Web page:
(originally published in the August, 2008 edition of Les Nouvelles Esthetiques & Spa)
In the early 1920s, Rene Maurice Gattefosse, a French perfume chemist, injured himself while working in his laboratory. There was an explosion and he placed his burned hand in a container of what he mistakenly thought was water. The container really contained the essential oil of lavender. Several hours later, there were no residual injuries from the burn. Gattefosse continued to experiment with essential oils from a medicinal standpoint and by 1928, had coined the term “Aromatherapie“.
Jean Valnet, a French medical doctor and a friend of Rene Maurice Gattefosse used lavender oil that Gattefosse provided him while Valnet served as an army surgeon. By using lavender oil and other essential oils, Valnet was able to control infection from developing as a result of the soldier’s wounds. After the war, Valnet went to work at a psychiatric hospital and continued to use essential oils in the treatment of his psychiatric patients. Research now confirms that certain essential oils have antifungal, antiviral, and antibacterial properties.
In the 1990s, the National Institutes of Health, Office of Alternative Medicine was created. It, along with others, has funded several studies in the United States involving the use of essential oils.
A published study conducted at the touch research institute at the University of Miami, School of Medicine, confirms that Aromatherapy Positively Affects Mood, EEG Patterns of Alertness and Math Computations. (International Journal of Neuroscience, 1998, Vol. 96, p. 217-224.)
Points of Entry
One of the two ways that essential oils are accepted into the body is through inhalation. Research studies indicate that when a person breathes in an odorant molecule-the minute molecule containing a particular fragrance of the substance being breathed-it passes by a patch of cells called the olfactory epithelium. The patch of cells is located at the very top of the nasal cavity, horizontally positioned bilaterally and just below the eyes. The olfactory epithelium is only a few centimeters square and contains about five million olfactory neurons, plus their supporting cells and stem cells. Each olfactory neuron in the epithelium is topped by at least 10 hairlike cilia that protrude into a bath of mucus at the cell surface. Each olfactory neuron in the nose has a long fiber or axon that pokes through a tiny opening in the bone above it, the cribriform plate, to make a connection, or synapse, with other neurons. This synapse actually forms in the olfctory bulb, a part of the brain. It is a large, bulb-like structure in animals with an acute sense of smell that dwindles in size as the ability to smell decreases.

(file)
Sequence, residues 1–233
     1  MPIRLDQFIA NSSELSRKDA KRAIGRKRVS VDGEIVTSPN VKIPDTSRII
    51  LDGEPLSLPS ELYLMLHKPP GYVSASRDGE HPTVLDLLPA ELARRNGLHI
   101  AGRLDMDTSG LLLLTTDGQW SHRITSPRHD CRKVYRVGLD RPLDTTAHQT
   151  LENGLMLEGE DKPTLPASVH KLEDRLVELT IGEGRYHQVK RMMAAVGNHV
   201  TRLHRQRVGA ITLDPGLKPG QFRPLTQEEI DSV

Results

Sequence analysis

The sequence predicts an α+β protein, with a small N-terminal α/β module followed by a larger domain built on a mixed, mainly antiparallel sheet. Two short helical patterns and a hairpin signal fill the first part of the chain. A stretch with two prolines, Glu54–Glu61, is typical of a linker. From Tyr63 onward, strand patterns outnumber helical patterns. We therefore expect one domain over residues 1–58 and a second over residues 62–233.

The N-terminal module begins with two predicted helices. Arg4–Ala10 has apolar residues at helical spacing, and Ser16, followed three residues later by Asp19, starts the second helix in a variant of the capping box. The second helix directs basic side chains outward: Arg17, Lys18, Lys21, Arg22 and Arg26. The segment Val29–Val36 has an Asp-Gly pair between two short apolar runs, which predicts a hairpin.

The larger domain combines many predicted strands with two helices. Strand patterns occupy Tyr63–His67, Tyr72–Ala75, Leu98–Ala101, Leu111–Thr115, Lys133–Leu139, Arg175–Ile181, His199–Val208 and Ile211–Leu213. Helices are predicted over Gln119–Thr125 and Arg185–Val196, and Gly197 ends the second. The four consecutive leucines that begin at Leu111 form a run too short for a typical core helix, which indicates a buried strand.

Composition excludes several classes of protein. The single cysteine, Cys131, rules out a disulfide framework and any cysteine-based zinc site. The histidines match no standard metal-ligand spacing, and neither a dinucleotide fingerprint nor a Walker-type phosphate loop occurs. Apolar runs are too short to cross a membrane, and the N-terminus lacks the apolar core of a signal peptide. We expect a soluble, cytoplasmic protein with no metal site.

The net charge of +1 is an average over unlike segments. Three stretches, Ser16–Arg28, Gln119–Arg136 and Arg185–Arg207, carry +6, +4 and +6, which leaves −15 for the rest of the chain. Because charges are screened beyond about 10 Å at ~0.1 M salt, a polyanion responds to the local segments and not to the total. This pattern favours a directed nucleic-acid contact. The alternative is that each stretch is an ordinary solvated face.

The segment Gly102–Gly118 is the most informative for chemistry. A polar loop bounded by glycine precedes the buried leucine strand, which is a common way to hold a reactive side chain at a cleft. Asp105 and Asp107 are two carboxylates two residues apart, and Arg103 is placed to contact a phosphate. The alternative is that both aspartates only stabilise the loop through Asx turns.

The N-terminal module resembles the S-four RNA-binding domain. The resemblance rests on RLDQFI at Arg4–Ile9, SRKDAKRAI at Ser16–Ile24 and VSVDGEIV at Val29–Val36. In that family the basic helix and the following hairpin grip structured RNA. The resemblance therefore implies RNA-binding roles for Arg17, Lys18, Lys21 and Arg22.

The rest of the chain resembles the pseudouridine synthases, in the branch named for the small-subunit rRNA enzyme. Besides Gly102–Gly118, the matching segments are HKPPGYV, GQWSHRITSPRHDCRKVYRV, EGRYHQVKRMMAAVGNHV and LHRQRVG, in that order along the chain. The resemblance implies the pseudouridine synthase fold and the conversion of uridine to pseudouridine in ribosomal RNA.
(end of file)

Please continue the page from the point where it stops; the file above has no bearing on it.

Anatomical studies demonstrate that signals from the olfactory cells in the nose reach the olfactory area of the cortex after only a single relay in the olfactory bulb. The olfactory cortex, in turn, connects directly with a key structure called the hypothalamus, which controls sexual and maternal behavior. The hypothalamus is also the control center for the pituitary gland, which secretes several important hormones. The limbic system, together with the hypothalamus, controls hunger, thirst, emotional reactions and biological rythms. In addition, it coordinates complex activities requiring a sequence of performance steps. This limbic system consists of the cingulate cortex, the septal area and the hippocampi.
After the odorant molecule from an essential oil passes by the olfactory epithelium, it continues along with the air that is transporting it to the lungs, where it travels on its journey to one of the two primary bronchi of the lungs. From here it continues to travel through the smaller passages until it reaches the alveolar ducts through which it passes to enter the bloodstream for circulation to other parts of the body, until it is excreted through either exhalation, the urine or the feces.
The other way that essential oils oils are accepted into the body is by being absorbed through the skin. This is a result of the small molecular size of essential oils, and the fact that they dissolve easily in fatty substances. After being absorbed into the skin and then into the bloodstream, having passed through the capillaries, they travel to other parts of the body until they are excreted.
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